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Journal of Cognitive Neuroscience

Winter 1991, Vol. 3, No. 1, Pages 25-41.
(doi: 10.1162/jocn.1991.3.1.25)
© 1991 by the Massachusetts Institute of Technology
Can We Lose Memories of Faces? Content Specificity and Awareness in a Prosopagnosic
Article PDF (2.36 MB)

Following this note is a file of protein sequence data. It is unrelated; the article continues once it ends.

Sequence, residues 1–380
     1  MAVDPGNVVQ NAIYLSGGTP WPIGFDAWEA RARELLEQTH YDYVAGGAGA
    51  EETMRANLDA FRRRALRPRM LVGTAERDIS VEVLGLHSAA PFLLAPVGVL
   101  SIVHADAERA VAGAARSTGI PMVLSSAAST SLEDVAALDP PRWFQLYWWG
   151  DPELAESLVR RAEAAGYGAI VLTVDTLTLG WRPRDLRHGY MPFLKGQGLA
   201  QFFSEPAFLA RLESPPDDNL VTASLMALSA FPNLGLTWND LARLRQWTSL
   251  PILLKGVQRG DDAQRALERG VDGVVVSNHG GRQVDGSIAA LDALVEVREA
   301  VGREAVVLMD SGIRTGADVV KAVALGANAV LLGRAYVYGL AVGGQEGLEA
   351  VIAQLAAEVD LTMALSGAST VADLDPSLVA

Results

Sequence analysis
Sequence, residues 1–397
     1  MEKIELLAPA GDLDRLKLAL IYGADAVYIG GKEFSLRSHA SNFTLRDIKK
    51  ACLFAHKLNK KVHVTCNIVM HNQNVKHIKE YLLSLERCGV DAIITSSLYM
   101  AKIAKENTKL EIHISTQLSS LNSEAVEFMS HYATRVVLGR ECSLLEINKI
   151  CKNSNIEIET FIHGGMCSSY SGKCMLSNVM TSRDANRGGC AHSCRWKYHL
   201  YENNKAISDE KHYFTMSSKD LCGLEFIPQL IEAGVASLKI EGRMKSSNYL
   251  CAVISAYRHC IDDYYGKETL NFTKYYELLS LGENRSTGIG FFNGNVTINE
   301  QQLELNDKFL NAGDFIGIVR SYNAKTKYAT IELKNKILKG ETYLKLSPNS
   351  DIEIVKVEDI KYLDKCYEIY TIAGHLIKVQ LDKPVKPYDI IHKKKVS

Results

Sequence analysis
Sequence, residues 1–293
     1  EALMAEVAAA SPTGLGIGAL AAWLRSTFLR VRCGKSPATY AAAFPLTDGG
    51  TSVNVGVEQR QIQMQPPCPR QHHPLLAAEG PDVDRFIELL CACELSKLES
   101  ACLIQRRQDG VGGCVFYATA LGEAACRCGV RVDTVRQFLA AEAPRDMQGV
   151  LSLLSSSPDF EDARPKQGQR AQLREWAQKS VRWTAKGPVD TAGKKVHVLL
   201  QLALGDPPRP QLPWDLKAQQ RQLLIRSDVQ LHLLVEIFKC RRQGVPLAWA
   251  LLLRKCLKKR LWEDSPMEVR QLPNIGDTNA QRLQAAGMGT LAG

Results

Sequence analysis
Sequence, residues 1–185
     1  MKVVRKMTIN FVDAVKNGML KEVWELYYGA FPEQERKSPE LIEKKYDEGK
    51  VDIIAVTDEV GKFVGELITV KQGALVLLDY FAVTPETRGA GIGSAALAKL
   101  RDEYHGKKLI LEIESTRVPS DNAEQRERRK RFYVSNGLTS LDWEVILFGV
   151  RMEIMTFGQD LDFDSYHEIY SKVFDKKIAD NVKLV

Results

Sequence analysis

Prosopagnosia is a neurological syndrome in which patients cannot recognize faces. Kecently it has been shown that some prosopagnosics give evidence of "covert" recognition: they show greater autonomic responses to familiar faces than to unfamiliar ones, and respond differently to familiar faces in learning and interference tasks. Although some patients do not show covert recognition, this has usually been attributed to an "apperceptive" deficit that impairs perceptual analysis of the input. The implication is that prosopagnosia is a deficit in access to, or awareness of, memories of faces: the inducing brain injury does not destroy the memories themselves. We present a case study that challenges this view. LH suffers from prosopagnosia as the result of a closed head injury. He cannot recognize familiar faces or report that they are familiar, nor answer questions about the faces from memory, though he can (1) recognize common objects and subtly varying shapes, (2) match faces while ignoring irrelevant information such as emotional expression or angle of view, (3) recognize sex, age, and like-ability from faces, and (4) recognize people by a number of nonfacial channels. The only other categories of shapes that he has marked trouble recognizing are animals and emotional expressions, though even these impairments were not as severe as the one for faces. Three measures (sympathetic skin response, pupil dilation, and learning correct and incorrect names of faces) failed to show any signs of covert face recognition in LH, though the measures were sensitive enough to reflect autonomic reactions in LH to stimuli other than faces, and face familiarity in normal controls. Thus prosopagnosia cannot always be attributed to a mere absence of awareness (i.e., preserved information about faces whose output is disconnected from conscious cognitive processing), to an apperceptive deficit (i.e., preserved information about faces that cannot be accessed due to improperly analyzed perceptual input), or to an inability to recognize complex or subtly varying shapes (i.e., loss or degradation of shape memory in general). We conclude that it is possible for brain injury to eliminate the storage of information about familiar faces and certain related shapes.